ELECTED mayors are needed in Yorkshire to help stem a brain drain to the South and make sure the region can capitalise on the burgeoning digitial industries says a leading thinktank.
The Policy Exchange warns that more than half of graduates from leading universities leave Yorkshire after they graduate in a new report published today.
It says that while cities such as Leeds and Sheffield might struggle on their own to attract the “clusters” of technology companies seen in other parts of the world they could do so in partnership with other cities in the North.
And the report argues that the needs of business can best be met by elected mayors rather than a complex web of local authorities.
Report author Eddie Copeland said: “The technology industry is bringing considerable benefits to the UK economy but it is failing to live up to the Chancellor’s wish for it to benefit every corner of the country.
“The question for policymakers is how to extend the sector’s benefits to other regions, especially England’s northern cities so we can create ‘Silicon Sheffield’ or ‘Silicon Sunderland’.
“The Government does not need to subsidise the cost of doing business in the North – it is already significantly cheaper than London.
“What technology businesses do want is local political leadership with the power and accountability to be responsive to their needs.
“It is time for the Government to put rocket boosters under the idea of directly elected Mayors. They are best suited to understanding the distinctive challenges facing their locality.”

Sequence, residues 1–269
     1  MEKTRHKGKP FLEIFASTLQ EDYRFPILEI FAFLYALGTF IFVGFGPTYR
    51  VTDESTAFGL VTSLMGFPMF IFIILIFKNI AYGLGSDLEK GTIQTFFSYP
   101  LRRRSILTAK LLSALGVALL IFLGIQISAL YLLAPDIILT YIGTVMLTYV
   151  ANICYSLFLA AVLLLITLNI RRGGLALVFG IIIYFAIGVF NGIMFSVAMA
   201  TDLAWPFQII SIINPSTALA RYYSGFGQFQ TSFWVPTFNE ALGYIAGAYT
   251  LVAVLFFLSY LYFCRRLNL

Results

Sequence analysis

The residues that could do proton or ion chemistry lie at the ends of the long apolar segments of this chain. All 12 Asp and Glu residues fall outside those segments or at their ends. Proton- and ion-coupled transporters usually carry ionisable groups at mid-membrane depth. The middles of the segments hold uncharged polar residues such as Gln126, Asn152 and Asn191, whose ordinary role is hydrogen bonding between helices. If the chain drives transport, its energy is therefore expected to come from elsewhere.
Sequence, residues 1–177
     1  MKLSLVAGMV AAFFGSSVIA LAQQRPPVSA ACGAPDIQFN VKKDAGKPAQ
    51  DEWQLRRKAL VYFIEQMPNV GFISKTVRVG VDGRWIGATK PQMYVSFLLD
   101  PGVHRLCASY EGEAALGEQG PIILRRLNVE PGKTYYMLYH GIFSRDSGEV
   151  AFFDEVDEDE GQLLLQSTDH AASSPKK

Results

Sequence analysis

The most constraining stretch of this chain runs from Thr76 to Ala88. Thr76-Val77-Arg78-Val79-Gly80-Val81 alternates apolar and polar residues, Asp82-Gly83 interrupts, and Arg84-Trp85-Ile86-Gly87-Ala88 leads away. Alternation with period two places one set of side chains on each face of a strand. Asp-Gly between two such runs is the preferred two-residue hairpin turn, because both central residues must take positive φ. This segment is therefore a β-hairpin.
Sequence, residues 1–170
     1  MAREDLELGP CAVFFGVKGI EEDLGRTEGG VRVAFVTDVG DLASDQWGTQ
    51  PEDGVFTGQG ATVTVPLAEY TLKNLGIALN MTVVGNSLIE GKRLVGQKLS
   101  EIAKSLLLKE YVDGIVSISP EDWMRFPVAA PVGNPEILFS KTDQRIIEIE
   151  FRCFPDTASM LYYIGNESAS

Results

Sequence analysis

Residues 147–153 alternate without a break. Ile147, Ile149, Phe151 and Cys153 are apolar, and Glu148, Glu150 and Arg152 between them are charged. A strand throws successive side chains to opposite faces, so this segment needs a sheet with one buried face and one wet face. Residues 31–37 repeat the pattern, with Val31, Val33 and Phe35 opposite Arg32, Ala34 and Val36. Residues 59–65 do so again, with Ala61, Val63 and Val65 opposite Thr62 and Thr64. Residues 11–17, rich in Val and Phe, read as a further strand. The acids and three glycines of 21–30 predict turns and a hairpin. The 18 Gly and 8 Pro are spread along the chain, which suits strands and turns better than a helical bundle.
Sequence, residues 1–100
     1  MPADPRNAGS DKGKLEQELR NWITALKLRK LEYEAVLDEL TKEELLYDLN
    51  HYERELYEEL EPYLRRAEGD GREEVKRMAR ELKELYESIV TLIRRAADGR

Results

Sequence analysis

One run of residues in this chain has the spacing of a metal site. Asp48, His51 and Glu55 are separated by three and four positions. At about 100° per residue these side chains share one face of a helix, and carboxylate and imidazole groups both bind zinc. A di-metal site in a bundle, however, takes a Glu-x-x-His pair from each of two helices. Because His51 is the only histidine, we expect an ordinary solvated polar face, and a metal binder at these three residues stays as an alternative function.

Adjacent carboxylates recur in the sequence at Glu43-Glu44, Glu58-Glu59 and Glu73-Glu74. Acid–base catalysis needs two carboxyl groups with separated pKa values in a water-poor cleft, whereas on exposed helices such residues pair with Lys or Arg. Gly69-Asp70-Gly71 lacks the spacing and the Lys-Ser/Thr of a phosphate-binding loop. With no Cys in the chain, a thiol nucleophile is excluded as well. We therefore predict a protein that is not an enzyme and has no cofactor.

The Policy Exchange report points out that while the Government has spoken of digital industries as a way of growing the UK economy as a whole, so far technology jobs and prosperity have been “highly concentrated” in London, the South East and Cambridgeshire.
It identifies transport as a key area where improvements are needed to help northern cities work together.
The report says: “The government has indicated an interest in building a high speed rail link between Manchester and Leeds.
“That idea should be considered carefully, but policymakers must be aware that travel between other cities including Newcastle, Liverpool and Sheffield is also very slow by both rail and road, suggesting that attention needs to be given to the wider transport needs of the North.”
The Policy Exchange report comes just weeks after Chancellor George Osborne raised the idea of elected mayors as he outlined his vision of creating a “northern powerhouse” that can compete on the global economic stage by improving connections between the cities.
He has promised to put the northern powerhouse idea at the heart of his Autumn Statement which is expected to include an offer of powers and money to areas which choose to have elected mayors.
However, voters in Yorkshire cities rejected the offer of elected mayors two years ago and there remains considerable scepticism about the idea in the region.
Last week, northern council leaders presented the Chancellor with a blueprint to transform transport links by spending £15 billion over 15 years.
Mr Osborne will look at further reports from the chairman of high speed rail firm HS2 and on the future of scientific research in the north before setting out his proposals for delivering the northern powerhouse idea in the autumn.